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The Myth of Public Opinion
“Australians voted for instability, and they’ve got it in spades.” Nikki Savva’s post-election remark on the ABC’s Insiders is the kind of statement political commentators frequently make.
It is, of course, rubbish. No Australian walked into a voting booth on Saturday resolved to vote for instability. They voted for stable government, but one of their own preference. Instability has arrived because a roughly equal number voted for stability of a different stripe.
The view expressed by Savva (an observer always worth listening to) reflects a deeper misconception (even among some political scientists who ought to know better) that there is such a thing as the public will, a national sentiment that, like a flock of starlings, shifts this way and that.
What this election shows more clearly than most is that the idea of the public will is a fiction and that out there in the electorate politics is a battle of wills.
Commentators and newspaper editors who make statements such as “the nation voted for”, “the public wants” and “Australians have spoken” actually spend most of their time talking about divisions. Yet when faced with quantitative measures of public opinion that highlight the divisions (opinion polls and elections) they begin to talk as if the nation speaks with one voice.
The myth of the mandate
Unlike commentators, politicians have an interest in promoting the fiction of the public will. When a party leader declares victory by saying “Australians have spoken”, he or she is doing a number of things.
Firstly, he is making a claim to personify the collective psyche, the spirit of the nation that rises above all social divisions to express the pure will of the people. It is what gives a great leader a kind of mandate of heaven, and can be a very dangerous thing.
Second, he is asserting his right to govern unopposed against the claims of the losers who may see themselves as a powerful voice that must be heard. The claim that “Australians have spoken” is a means of putting the losers in their place even if they secured 49 per cent of the vote.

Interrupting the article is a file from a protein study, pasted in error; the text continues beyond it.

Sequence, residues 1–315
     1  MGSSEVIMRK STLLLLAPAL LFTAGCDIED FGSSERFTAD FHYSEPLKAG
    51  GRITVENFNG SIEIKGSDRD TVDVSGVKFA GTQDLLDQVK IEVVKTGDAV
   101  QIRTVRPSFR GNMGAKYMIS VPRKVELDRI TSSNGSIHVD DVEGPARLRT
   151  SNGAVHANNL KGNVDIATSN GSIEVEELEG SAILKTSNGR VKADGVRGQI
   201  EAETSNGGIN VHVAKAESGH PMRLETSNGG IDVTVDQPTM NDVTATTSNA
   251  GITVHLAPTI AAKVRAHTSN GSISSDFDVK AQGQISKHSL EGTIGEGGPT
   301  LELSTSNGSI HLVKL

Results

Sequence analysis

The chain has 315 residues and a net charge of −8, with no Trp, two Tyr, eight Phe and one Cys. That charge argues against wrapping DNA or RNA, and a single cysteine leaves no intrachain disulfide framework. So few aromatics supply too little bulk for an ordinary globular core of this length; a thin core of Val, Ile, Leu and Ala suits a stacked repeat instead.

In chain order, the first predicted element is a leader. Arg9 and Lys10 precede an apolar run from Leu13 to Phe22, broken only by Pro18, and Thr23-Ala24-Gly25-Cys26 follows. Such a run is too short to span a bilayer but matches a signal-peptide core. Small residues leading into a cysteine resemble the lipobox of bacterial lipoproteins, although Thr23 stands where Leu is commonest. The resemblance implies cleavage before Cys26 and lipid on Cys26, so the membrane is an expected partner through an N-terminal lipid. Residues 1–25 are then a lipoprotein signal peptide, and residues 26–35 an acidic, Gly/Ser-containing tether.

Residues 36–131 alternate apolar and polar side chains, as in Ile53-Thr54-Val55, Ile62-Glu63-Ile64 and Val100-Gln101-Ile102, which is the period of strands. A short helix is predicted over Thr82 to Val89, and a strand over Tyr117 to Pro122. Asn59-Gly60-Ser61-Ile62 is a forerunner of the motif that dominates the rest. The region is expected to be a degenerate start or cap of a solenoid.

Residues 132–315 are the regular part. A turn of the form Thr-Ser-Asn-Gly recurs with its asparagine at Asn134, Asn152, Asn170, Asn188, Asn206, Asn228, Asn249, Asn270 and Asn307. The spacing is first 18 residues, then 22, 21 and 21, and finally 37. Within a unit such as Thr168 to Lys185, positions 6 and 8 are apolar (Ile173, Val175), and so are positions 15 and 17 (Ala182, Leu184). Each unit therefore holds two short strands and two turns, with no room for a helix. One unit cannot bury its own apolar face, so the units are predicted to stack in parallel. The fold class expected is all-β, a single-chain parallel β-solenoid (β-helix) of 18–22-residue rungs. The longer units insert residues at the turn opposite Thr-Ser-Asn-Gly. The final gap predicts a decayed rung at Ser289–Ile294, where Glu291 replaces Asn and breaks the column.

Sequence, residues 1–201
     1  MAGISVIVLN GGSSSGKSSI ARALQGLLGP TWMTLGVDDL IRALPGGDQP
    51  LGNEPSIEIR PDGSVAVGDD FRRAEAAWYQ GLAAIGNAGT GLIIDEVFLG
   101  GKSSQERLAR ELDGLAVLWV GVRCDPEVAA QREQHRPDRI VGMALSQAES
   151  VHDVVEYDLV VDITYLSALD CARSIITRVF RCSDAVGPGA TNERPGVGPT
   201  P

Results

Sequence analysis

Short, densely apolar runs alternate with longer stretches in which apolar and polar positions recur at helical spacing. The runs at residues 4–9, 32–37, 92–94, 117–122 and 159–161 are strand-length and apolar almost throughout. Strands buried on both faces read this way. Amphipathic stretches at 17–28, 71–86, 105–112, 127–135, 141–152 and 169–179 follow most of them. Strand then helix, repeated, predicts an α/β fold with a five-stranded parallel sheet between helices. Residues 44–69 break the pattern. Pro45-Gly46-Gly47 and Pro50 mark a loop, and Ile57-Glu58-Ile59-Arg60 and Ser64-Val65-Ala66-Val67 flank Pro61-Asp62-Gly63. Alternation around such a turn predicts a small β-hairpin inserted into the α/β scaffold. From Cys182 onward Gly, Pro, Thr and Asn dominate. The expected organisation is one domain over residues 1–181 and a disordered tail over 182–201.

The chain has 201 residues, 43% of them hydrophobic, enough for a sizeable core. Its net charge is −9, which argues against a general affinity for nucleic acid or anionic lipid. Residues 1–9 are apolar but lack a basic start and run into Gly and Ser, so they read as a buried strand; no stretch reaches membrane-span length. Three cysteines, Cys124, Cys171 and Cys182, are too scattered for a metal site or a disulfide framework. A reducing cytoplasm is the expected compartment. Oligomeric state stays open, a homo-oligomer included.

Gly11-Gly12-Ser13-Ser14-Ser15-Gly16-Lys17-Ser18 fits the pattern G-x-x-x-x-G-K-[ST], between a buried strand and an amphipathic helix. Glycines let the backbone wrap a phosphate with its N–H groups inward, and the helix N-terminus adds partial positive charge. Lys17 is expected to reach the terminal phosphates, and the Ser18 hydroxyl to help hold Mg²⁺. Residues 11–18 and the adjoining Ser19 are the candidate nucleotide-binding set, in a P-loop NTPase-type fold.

More specifically, the victor is claiming “a mandate” to implement without obstruction the range of policies that his party has put forward in the election campaign.
The claim to have a broad mandate is particularly spurious.
If parties A and B go to the election with five distinct policy differences and a majority vote for party A because they prefer its position on four of those policies while strongly opposing them on the fifth, does the winning party have a mandate to implement the fifth in the face of strong public opposition?
This kind of situation is not only possible, it is virtually inevitable in every election because only a minority of very committed voters will support every policy their party advocates.
Sometimes both parties adopt the same policy even though it has only minority public support. When in the 1980s and 1990s Labor and the Coalition both pursued policies of privatization and deregulation most voters were opposed, yet both parties claimed a mandate to pursue them.
And a party anticipating a comfortable win will at times deliberately adopt unpopular positions (privatization of state assets is a good example) so that it can claim a mandate to do what most people do not want it to do.
And what of a minor party like the Greens whose supporters want a third voice to block or change policies that might be shared by both main parties? Do the Greens have a mandate to attempt to block measures even if a majority of voters supports them? I think they do; in fact they have an obligation to.
Moments in history
At rare historical junctures it is perhaps legitimate to conceive of a thing called the will of the people, starting with the seminal event in which the idea of “the public” or “the people” first emerged, the French Revolution, and discernible in the contemporary world in some of those nations overtaken by the Arab Spring.
In these instances public opinion goes deeper than voting intentions, policy preferences and even party principles. It becomes, in Robert Darnton’s words, “a visceral, collective emotion that link[s] a people to its leaders”.
The leaders thrown up by this collective emotion may subsequently betray it (think Greece after the referendum in 2015), sometimes because it is impossible to give administrative expression to what the public wills. Those betrayals always leave lasting scars.
When “the will of the people” does emerge historically it does so out of a deep and shared sense of grief, external threat or injustice. Only then can leaders rightly claim to speak for the people.
It’s hard to think of a time in post-invasion Australian history when the disparate elements of the collective psyche crystallized into a public will. The threat to the nation during the Second World War (but not the First) is one. The demand for gun control after the 1996 Port Arthur massacre is another.
But one thing is certain, it is nowhere to be seen now.
Clive Hamilton, Professor of Public Ethics, Centre For Applied Philosophy & Public Ethics (CAPPE), Charles Sturt University
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